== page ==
A couple of the comments on my post about Michael Shields appeared to suggest that the Oldham Echo had wrapped itself around the campaign, something which tainted the integrity of it. I understand where they're coming from; the Echo has "gone to town" on the story not out of any sense of altruism, but because it cynically calculates that it will at least arrest the sharp decline in its circulation figures. However, there will come a time in the near future when the temporary rise in sales comes to a close.
As for the case itself, it was inevitable that the whispering campaign against Michael would intensify. They tend to emanate from the usual quarters & I won't dignify any of them by providing links. A welcome & necessary corrective to the drip, drip, drip of innuendo, conjecture & open lies appeared in today's Guardian, courtesy of a piece by Stephen Jakobi of Fair Trials Abroad (http://www.guardian.co.uk/commentisfree/2009/sep/16/michael-shields-miscarriage-of-justice ).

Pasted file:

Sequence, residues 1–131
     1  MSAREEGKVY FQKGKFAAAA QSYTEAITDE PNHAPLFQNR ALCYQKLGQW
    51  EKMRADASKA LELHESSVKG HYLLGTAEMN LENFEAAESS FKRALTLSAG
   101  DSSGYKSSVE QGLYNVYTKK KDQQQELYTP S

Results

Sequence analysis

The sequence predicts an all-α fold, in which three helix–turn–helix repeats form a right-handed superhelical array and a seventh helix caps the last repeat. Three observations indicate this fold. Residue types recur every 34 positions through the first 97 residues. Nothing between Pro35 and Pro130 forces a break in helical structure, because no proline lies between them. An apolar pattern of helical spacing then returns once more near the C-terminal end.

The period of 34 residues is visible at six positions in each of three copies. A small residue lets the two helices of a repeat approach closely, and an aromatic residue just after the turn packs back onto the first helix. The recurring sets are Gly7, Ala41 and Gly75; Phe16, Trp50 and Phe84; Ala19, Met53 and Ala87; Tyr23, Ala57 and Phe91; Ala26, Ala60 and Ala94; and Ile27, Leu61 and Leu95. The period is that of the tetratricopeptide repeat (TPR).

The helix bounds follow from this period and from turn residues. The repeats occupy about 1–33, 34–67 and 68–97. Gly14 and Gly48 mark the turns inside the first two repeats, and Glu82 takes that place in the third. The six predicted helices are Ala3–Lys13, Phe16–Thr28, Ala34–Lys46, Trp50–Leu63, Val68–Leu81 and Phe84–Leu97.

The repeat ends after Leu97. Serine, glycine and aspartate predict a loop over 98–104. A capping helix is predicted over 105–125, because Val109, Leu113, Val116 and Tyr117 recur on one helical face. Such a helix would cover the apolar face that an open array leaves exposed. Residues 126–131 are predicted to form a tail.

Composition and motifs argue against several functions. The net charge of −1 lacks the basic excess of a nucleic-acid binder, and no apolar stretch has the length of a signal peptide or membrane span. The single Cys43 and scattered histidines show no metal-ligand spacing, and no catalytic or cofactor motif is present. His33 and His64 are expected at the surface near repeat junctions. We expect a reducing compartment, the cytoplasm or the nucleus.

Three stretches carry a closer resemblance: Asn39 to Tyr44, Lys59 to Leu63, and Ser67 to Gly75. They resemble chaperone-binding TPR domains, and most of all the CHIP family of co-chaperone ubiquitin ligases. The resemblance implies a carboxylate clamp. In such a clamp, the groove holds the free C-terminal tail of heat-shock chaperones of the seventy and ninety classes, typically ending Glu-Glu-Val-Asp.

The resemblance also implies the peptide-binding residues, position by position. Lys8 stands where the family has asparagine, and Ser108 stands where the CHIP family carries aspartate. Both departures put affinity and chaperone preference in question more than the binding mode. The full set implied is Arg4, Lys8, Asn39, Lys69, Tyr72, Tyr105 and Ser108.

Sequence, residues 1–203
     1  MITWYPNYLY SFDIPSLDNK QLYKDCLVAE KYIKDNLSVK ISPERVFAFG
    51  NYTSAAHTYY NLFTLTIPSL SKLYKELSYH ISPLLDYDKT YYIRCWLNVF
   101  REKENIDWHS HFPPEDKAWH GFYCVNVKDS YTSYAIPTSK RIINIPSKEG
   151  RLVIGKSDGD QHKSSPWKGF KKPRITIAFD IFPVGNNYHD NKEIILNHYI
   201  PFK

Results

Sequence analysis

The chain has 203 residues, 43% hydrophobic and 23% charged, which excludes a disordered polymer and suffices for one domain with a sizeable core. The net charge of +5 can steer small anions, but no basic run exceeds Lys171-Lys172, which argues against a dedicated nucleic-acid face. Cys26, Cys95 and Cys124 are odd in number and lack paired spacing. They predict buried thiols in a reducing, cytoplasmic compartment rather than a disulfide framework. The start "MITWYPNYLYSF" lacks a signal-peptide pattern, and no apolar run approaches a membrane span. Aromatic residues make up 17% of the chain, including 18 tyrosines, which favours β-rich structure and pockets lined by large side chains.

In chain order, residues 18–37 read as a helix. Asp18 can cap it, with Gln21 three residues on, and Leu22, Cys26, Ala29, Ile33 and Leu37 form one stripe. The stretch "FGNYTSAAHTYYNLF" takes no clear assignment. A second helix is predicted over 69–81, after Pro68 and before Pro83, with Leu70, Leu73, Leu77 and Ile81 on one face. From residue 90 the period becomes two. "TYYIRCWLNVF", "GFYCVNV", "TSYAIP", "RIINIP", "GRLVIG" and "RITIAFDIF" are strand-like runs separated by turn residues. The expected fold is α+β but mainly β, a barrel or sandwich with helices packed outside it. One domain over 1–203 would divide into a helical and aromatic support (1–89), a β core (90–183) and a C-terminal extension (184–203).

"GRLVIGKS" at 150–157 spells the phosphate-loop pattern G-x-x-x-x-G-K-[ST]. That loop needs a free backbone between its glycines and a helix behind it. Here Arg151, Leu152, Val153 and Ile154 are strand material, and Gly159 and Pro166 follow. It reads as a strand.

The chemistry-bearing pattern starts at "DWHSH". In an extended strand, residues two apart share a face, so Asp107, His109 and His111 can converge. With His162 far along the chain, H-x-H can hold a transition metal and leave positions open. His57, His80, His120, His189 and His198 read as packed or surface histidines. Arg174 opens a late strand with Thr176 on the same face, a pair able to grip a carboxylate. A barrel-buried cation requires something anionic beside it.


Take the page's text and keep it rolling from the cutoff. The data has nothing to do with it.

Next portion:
Jakobi, who attended part of the trial, states: "Almost all the formalities of a fair trial were observed, but it was all for show. All applications by the defence were refused. All applications by the prosecution, no matter how unreasonable, were granted."
Jakobi relates how the skewed nature of the trial sometimes bordered on the Pythonesque. However, he gets to the meat of the case when he declares:
"Above all, the treatment of original eyewitness identification was appalling. Witnesses were allowed to contradict their original police statements that they could not remember the defendant's face, and the defence were not allowed to put these statements to the witnesses in cross-examination. Everyone was allowed to make dock identification as though this had real evidential worth. It was clear by her own evidence that the only person who picked Shields out at an identification parade had had no opportunity of seeing his face at the time of the incident."